Documents on Contemporary Crafts no.3: Crafting Exhibitions
Documents on Contemporary Crafts no. 3: Crafting Exhibitions
Glenn Adamson ∣ Maria Lind ∣ Anne Britt Ylvisåker ∣ Marianne Zamecznik
Based on the experiences with Craft 2014, Crafting Exhibitions discusses the significance of exhibition design as a framework for the perception of applied contemporary art. It also throws up such questions as ‘what is an exhibition?’, ‘how can craft be curated in new and engaging ways?’ and ‘what does exhibition design mean for the experience of the works and the exhibition as a whole?’
The profession of exhibition making and curatorial practices has over the course of the last twenty years undergone a seminal change, something which in turn has challenged the notion of what an exhibition can be, not least in terms of communication and design. Large scale group exhibitions, like documenta in Kassel or the European biennale Manifesta, seem to have involved discussions on exhibition making and curatorial models at the heart of their organisational body.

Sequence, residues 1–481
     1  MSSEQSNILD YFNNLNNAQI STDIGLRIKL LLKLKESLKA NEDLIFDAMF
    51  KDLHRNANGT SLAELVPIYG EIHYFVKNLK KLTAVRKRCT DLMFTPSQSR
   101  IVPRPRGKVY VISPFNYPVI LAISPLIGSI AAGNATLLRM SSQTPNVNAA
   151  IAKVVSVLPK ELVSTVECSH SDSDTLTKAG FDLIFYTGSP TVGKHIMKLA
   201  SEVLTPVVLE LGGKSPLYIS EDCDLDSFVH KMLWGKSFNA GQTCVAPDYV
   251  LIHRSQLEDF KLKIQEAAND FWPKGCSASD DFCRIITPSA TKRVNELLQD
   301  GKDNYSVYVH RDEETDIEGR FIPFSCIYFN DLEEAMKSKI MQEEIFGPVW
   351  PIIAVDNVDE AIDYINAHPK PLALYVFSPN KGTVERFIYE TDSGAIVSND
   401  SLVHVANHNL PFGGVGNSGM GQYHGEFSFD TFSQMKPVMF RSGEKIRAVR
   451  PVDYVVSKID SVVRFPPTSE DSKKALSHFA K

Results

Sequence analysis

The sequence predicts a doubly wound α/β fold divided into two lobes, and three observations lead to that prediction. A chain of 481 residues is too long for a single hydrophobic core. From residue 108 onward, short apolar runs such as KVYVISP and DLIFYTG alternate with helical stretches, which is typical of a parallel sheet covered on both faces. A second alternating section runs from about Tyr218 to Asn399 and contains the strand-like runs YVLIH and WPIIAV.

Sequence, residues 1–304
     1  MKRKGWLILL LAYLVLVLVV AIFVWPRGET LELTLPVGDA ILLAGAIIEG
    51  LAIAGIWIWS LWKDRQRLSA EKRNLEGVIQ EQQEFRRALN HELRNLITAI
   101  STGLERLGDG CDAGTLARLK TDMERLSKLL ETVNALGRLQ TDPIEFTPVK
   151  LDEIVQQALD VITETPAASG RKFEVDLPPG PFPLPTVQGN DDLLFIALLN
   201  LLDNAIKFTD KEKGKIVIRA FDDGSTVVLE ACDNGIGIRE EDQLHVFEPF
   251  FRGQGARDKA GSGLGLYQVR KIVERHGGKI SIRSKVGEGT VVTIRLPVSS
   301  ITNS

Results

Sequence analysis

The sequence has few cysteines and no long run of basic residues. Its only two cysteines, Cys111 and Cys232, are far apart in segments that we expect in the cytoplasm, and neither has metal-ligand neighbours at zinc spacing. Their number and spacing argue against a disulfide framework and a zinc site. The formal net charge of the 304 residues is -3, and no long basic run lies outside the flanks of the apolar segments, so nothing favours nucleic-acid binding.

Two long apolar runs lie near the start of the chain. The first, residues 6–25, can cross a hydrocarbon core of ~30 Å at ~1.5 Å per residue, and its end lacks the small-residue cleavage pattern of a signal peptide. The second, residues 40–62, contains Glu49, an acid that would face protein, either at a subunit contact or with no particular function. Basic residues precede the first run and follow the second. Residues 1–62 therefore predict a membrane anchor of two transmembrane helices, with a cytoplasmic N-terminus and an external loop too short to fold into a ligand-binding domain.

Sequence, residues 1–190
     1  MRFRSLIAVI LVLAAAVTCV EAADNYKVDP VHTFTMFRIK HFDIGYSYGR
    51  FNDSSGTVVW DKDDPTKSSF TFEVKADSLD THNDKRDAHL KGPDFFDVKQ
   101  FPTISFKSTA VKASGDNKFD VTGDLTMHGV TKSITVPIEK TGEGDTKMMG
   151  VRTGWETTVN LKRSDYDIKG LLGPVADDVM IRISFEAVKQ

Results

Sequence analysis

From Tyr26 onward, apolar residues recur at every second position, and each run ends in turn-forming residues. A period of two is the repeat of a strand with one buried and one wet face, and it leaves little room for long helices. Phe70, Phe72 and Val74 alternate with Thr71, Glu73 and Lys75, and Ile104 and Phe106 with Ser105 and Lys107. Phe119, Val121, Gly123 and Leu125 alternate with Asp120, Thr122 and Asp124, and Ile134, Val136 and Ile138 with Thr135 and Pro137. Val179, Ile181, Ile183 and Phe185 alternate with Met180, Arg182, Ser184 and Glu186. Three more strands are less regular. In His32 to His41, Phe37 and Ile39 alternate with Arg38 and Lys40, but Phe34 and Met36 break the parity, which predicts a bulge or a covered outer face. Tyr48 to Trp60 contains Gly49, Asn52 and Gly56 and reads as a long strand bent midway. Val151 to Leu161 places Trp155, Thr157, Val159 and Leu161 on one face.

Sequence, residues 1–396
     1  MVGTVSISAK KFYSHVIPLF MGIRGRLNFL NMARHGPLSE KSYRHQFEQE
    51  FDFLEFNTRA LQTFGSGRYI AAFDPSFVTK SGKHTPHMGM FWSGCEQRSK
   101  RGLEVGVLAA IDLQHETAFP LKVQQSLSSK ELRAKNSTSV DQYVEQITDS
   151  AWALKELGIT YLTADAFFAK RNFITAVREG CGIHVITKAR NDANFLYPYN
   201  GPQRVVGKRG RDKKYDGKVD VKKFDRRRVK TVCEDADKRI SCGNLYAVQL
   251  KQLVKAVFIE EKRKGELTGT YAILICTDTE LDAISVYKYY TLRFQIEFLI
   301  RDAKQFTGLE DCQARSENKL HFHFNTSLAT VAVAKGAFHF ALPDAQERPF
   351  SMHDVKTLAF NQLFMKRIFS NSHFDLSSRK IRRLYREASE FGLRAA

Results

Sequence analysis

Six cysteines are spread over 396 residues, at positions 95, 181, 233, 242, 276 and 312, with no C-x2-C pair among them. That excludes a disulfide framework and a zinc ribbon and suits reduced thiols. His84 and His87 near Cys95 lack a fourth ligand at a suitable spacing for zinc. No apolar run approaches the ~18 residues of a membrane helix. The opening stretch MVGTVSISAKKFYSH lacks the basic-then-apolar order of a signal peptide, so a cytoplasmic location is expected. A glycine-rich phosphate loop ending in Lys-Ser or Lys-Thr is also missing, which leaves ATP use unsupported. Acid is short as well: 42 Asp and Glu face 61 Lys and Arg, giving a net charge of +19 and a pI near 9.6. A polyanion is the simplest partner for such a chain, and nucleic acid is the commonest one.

Another common aspect of these large-scale events is that they employ new venues for showing and presenting works, be it museums that normally don’t show contemporary art or craft, abandoned factories or various public spaces. The constant exploration in curatorial models and juxtapositions of contexts found in such exhibitions has undoubtedly influenced how museums and galleries work both conceptually and with the spaces at hand.
Craft 2014, the annual juried group exhibition of the Norwegian Association for Arts and Crafts, which was shown in the KODE – Art Museums of Bergen, created much lively debate concerning spatial design, as the walls and floor in the exhibition spaces were covered in tags by local graffiti artists. Was the perception of the individual works impaired due to the ‘smeared’ exhibition walls, or has it not only elevated the exhibition but also made it more contemporary and more fun?